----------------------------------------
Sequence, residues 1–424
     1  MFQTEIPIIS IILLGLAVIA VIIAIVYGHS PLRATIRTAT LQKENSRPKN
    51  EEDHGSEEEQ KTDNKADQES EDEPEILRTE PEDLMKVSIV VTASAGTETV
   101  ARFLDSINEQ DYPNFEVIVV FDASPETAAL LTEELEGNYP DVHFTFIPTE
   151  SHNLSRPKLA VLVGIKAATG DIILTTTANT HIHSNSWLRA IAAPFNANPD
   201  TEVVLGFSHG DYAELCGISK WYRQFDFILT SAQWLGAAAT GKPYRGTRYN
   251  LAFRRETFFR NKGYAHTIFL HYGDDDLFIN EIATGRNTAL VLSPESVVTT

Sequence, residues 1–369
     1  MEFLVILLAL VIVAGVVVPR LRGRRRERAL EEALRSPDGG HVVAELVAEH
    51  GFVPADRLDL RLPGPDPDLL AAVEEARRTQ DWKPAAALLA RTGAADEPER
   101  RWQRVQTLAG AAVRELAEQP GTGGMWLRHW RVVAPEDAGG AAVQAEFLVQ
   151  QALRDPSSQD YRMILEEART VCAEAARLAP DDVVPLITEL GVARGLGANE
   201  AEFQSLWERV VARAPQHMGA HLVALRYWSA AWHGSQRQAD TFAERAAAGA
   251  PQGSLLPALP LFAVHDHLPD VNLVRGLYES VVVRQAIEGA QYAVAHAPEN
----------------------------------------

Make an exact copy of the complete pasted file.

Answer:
Sequence, residues 1–424
     1  MFQTEIPIIS IILLGLAVIA VIIAIVYGHS PLRATIRTAT LQKENSRPKN
    51  EEDHGSEEEQ KTDNKADQES EDEPEILRTE PEDLMKVSIV VTASAGTETV
   101  ARFLDSINEQ DYPNFEVIVV FDASPETAAL LTEELEGNYP DVHFTFIPTE
   151  SHNLSRPKLA VLVGIKAATG DIILTTTANT HIHSNSWLRA IAAPFNANPD
   201  TEVVLGFSHG DYAELCGISK WYRQFDFILT SAQWLGAAAT GKPYRGTRYN
   251  LAFRRETFFR NKGYAHTIFL HYGDDDLFIN EIATGRNTAL VLSPESVVTT

Sequence, residues 1–369
     1  MEFLVILLAL VIVAGVVVPR LRGRRRERAL EEALRSPDGG HVVAELVAEH
    51  GFVPADRLDL RLPGPDPDLL AAVEEARRTQ DWKPAAALLA RTGAADEPER
   101  RWQRVQTLAG AAVRELAEQP GTGGMWLRHW RVVAPEDAGG AAVQAEFLVQ
   151  QALRDPSSQD YRMILEEART VCAEAARLAP DDVVPLITEL GVARGLGANE
   201  AEFQSLWERV VARAPQHMGA HLVALRYWSA AWHGSQRQAD TFAERAAAGA
   251  PQGSLLPALP LFAVHDHLPD VNLVRGLYES VVVRQAIEGA QYAVAHAPEN